Students, Faculty Tackle the Future of Counseling at ACES Conference
The Association for Counselor Education and Supervision came to Counseling@Northwestern’s hometown of Chicago on Oct. 5-8, 2017, for four days of continuing education for counselors, master’s and doctoral candidates, and prospective students. Six Counseling@Northwestern faculty members and five students presented at the event, including Dr. Anita Neuer Colburn who received the Research in Counselor Education and Supervision Award.
The theme of the conference was “Forging the Future of Professional Counseling,” and the event focused on challenging topics that the discipline is currently facing. One such topic is litigation in some states that permits counselors to refuse service to clients whose values are in conflict with their own. Such litigation conflicts with the American Counseling Association’s (2014) Code of Ethics, which explicitly compels counseling professionals to welcome diverse clients and only refer them to a different practitioner in cases where the counselor lacks appropriate training to work with the clients’ present issues. Once the client is referred to a different practitioner, counselors are required to seek training and supervision for issues presented by clients for which they are not adequately trained to address. Dr. Joy Whitman and Dr. Neuer Colburn, along with several of their colleagues, facilitated a three-hour preconference workshop to assist clinical supervisors in helping their supervisees “hold the tension” when faced with such ethical dilemmas.
Counseling@Northwestern is leading the way in innovation for online programs, and with the future of counseling being the conference’s theme, their presence was only more fitting. Dr. Eric Beeson, along with a group of students and alumni, touched on this topic by presenting a study examining the sense of community in online counseling programs. A fear of many potential students of online programs is that they will not have enough connection with peers and faculty. Dr. Beeson’s study proved otherwise, and he reported how students in an online program feel a higher sense of community in their programs when they are engaged and involved, showing that the future of counseling does have a place online.
In addition, Dr. Neuer Colburn received the Research in Counselor Education and Supervision Award. The award recognizes a publication that was especially important for the development of knowledge in the field of counselor education and supervision. Her study detailed the results of a Delphi Study and Content Analysis using two panels of “expert” supervisors to determine the most important clinical supervision competencies for doctoral students to master before graduation. She worked with three different qualitative coding teams to develop the initial list presented to the experts, and invited them to add more as they saw fit. This type of research is crucial to educating the counselors of the future. Counseling@Northwestern faculty are invested in making sure that they are preparing tomorrow’s counselors in the best way possible.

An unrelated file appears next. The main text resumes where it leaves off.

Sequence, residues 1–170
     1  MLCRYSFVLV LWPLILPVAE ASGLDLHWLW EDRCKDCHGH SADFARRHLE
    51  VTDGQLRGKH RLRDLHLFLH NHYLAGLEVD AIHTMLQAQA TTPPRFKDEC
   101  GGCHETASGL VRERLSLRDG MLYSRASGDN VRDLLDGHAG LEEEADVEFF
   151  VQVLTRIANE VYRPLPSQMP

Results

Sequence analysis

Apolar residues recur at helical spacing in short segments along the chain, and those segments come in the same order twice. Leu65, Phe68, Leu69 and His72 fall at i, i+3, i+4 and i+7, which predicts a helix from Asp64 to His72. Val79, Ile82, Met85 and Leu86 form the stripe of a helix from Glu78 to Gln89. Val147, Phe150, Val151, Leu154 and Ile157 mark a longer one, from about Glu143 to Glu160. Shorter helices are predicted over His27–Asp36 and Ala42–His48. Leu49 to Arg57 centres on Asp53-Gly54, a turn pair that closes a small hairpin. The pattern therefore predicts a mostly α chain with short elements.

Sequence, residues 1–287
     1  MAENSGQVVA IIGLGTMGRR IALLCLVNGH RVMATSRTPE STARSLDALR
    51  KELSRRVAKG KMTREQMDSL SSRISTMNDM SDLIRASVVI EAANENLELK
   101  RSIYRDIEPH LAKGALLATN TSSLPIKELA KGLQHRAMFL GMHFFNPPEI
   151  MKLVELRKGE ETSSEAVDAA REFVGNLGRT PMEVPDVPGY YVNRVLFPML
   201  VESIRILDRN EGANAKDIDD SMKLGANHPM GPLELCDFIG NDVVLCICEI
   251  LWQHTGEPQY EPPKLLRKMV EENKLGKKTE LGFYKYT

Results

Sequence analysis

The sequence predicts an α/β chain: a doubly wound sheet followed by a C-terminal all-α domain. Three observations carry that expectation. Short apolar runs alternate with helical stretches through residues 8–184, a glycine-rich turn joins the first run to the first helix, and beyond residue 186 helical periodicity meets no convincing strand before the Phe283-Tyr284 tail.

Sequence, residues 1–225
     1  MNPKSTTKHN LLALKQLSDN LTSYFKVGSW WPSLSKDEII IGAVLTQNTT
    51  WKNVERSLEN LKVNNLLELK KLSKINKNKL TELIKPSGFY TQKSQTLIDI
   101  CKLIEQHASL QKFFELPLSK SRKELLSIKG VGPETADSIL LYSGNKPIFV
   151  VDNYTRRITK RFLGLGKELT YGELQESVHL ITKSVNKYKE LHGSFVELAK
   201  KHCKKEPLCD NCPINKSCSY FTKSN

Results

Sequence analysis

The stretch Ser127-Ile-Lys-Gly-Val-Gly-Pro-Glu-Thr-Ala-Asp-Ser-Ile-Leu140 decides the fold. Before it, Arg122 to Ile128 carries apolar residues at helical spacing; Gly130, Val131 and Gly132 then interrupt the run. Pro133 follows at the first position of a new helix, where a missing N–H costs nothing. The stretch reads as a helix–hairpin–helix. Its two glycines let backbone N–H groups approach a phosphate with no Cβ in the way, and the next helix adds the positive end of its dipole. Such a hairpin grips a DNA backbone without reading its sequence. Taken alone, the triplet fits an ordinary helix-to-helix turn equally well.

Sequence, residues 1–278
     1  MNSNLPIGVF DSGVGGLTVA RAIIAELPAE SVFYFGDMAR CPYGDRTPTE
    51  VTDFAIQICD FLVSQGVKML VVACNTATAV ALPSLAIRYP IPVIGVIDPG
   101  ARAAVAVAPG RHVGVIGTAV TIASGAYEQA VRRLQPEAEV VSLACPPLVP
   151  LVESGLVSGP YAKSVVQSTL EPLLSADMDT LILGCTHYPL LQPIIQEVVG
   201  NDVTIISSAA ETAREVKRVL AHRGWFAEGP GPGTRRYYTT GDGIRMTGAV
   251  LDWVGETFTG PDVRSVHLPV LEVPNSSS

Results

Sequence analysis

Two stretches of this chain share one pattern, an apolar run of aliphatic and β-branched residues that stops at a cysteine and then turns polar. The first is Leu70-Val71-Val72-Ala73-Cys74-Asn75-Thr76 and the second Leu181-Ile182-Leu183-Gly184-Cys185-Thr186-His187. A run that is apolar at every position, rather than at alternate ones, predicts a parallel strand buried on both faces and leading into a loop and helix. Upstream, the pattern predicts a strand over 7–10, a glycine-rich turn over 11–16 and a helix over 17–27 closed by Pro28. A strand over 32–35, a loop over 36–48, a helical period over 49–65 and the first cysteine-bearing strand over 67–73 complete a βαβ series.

A unique aspect of this event for Counseling@Northwestern was the presence of master’s level student presenters. Typically, master’s students do not participate in national conferences and presentations as often as doctoral students. However, faculty in the program see this as a missed opportunity and routinely invite students to attend and present. Five students participated in the presentations, exemplifying the community aspect of the Counseling@Northwestern program. Because the faculty are so involved in many aspects of the counseling field, there are more opportunities for students to be involved as well. This not only enhances their education and brings it to life, but also shows that there is a future for counseling education online.
Professional conference attendance is important for both students and faculty. They provide opportunities to gain important knowledge, share new findings, re-connect with important colleagues, meet new people, interview for jobs, interview for doctoral programs, and find rest and renewal in having fun with people who understand the field.
Citation for this content: Northwestern University’s Online Masters in Counseling program.